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    For a brief exposition see H. Putnam., Reason, Truth and History, Cambridge U.P., 1981, esp. chapter 3.Google Scholar
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    As can be inferred from Merleau-Ponty’s discussion with Kant throughout PP and in the opening chapter of VI or from Foucault’s explicit disclaimers in AK 126ff. (on ‘conditions of reality’) and in the 1973 interview ‘An Historian of Culture’ (in Foucault Live (Intel-views, 1966–84), New York, Semiotext(e), 1989): “What I called episteme in The Order of Things has nothing to do with historical categories, that is with those categories created in a particular historical moment” (p. 75).Google Scholar
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    Raw being seen as an ‘inaccessible radical exteriority’ makes Jean-Pierre Le Goff, in an otherwise interesting article, interpret Merleau-Ponty’s last writings as an attempt to turn philosophical reflexion into “an intellectual mysticism” ('Le paradoxe du language et l’être brut’, Les Cahiers de Philosophie (nr. 7: Actualités de Merleau-Ponty), 1989 (spring), pp. 69-84, esp. pp. 76 ff.).Google Scholar
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    In his intervention at Royaumont Merleau-Ponty stressed that “the transcendental attitude is not an attitude where one can stay (se tenir) or install oneself (s’installer)” (Husserl, o.c., p. 159 — my transi.)Google Scholar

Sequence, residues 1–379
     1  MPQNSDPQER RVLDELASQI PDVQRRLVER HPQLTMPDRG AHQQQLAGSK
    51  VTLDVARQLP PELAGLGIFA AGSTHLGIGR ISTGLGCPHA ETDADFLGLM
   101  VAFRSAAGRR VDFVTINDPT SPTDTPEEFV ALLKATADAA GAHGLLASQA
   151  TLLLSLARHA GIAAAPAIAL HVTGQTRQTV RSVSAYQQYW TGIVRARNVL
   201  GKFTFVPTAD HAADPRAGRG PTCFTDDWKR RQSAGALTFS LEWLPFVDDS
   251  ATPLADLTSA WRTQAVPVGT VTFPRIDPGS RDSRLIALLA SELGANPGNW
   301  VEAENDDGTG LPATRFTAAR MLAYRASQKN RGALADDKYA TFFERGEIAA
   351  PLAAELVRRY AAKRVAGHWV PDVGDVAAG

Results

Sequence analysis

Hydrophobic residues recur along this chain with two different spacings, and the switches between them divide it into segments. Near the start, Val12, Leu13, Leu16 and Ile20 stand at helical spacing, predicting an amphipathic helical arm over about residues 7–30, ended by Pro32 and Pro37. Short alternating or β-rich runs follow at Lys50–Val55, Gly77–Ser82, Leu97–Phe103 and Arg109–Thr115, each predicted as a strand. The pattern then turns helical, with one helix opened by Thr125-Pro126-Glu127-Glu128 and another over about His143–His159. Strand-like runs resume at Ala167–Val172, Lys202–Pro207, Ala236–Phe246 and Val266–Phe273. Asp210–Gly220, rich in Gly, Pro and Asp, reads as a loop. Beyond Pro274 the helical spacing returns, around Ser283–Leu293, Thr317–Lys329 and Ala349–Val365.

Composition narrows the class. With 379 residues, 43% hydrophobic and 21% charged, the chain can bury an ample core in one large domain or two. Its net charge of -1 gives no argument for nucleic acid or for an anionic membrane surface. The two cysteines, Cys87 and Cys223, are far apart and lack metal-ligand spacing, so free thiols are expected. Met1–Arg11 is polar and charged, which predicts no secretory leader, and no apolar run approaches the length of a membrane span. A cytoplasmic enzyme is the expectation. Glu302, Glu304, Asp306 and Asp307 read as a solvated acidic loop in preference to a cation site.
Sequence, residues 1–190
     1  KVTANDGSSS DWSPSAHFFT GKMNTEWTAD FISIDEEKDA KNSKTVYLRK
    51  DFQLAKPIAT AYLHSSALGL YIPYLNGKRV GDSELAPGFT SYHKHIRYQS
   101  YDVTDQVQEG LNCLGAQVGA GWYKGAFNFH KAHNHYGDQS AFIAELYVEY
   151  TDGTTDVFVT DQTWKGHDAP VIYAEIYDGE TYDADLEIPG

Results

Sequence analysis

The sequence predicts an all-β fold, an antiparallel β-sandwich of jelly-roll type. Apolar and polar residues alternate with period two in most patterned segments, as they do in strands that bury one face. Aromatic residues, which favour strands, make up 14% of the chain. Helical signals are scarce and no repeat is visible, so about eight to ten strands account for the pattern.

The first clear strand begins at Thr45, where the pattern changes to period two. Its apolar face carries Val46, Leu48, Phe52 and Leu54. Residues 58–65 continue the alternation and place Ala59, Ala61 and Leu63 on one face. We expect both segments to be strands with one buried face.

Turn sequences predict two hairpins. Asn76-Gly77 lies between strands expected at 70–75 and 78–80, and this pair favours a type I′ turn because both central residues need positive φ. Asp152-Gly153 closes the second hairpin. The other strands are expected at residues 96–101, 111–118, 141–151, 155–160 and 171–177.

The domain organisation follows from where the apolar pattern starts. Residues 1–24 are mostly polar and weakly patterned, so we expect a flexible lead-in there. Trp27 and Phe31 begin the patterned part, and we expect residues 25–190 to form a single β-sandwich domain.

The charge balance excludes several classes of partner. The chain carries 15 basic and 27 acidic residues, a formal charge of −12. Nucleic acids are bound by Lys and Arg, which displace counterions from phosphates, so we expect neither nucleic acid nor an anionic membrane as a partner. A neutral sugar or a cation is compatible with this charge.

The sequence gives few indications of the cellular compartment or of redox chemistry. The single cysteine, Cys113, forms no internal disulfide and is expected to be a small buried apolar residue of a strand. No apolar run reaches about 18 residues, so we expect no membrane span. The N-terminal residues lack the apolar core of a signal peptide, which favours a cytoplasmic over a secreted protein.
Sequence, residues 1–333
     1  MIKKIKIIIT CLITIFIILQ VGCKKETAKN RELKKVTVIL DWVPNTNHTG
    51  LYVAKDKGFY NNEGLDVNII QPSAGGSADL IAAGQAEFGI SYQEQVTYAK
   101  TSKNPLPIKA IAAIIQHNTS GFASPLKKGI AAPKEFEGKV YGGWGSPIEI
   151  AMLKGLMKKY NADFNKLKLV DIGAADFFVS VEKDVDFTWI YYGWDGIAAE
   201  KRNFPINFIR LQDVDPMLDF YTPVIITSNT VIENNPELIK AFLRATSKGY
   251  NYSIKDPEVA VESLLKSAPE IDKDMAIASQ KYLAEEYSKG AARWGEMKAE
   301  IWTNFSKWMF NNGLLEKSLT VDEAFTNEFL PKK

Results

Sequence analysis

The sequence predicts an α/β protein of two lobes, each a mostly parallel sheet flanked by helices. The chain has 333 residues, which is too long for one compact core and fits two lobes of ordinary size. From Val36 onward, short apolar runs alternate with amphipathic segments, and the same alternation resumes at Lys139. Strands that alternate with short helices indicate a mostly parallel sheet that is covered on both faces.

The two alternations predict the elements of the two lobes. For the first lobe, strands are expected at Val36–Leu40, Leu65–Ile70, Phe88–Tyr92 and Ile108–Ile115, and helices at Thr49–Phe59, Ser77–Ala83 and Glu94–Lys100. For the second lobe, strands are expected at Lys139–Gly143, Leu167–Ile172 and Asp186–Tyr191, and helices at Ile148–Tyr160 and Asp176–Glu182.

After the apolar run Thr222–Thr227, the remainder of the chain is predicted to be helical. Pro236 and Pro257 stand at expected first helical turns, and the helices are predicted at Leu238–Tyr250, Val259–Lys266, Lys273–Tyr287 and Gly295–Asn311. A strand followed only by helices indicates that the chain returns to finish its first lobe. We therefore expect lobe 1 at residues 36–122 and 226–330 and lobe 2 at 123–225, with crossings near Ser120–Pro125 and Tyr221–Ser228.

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    On this “transition from the mute world to the speaking world” (VI 154/202) which was already a major theme in PP, see J. Taminiaux, ‘Experience, expression and form in Merleau-Ponty’s itinerary’, in ID., Dialectic and Difference: Finitude in Modern Thought, New Jersey, Humanities Press, 1985, pp. 133-54 and Y. Thierry, Du corps parlant. Le langage chez Merleau-Ponty, Brussels, Ousia, 1987.Google Scholar
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    Cl. Lefort, ‘Editor’s Foreword’, in VI, p. XXX.Google Scholar
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    B. Waldenfels, Ordnung im Zwielicht, Frankfurt a.M., Suhrkamp, 1987: “Mit jedem Anspruch, der in der Erfahrung auftritt, tritt etwas auf, das selektive und exklusive Formungen produziert, aber in diesen nicht aufgeht”, (p. 178). Waldenfels’s attempt to generate from this insight a notion of a ‘responsive rationality’ is further documented in some of his essays in the two companion volumes to Ordnung im Zwielicht: In den Netzen der Lebenswelt, Frankfurt a.M., Suhrkamp, 1985 and Der Stachel des Fremden, Frankfurt a.M., Suhrkamp, 1990. Cf. also, more recently, his Antwortregister, Frankfurt a.M., Suhrkamp, 1994.Google Scholar
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    As is suggested in B. Waldenfels, ‘Das Zerspringen des Seins. Ontologische Auslegung der Erfahrung am Leitfaden der Malerei’, in A. MéTRAUX — B. WALDENFELS (eds.), Leibhaftige Vernunft. Spuren von Merleau-Ponty’s Denken, München, Fink, 1986, p. 185.Google Scholar
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    A solution which, it should be noted, is explicitly rejected in ‘Das Zerspringen des Seins’, p. 159.Google Scholar
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    One will find this theme of a ‘retreat of language’ differently developed from PP, through PW to VI. For a good overall account of Merleau-Ponty’s views on language see e.g. J. Schmidt, Maurice Merleau-Ponty. Between Phenomenology and Structuralism, London/Basingstoke, MacMillan, 1985, chapter 4 (with literature).Google Scholar
  24. 29.
    M. Kundera, The Book of Laughter and Forgetting, London, Penguin Books, 1983, pp. 61 ff. (‘On Two Kinds of Laughter’).Google Scholar

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© Springer Science+Business Media Dordrecht 1999

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  • Rudi Visker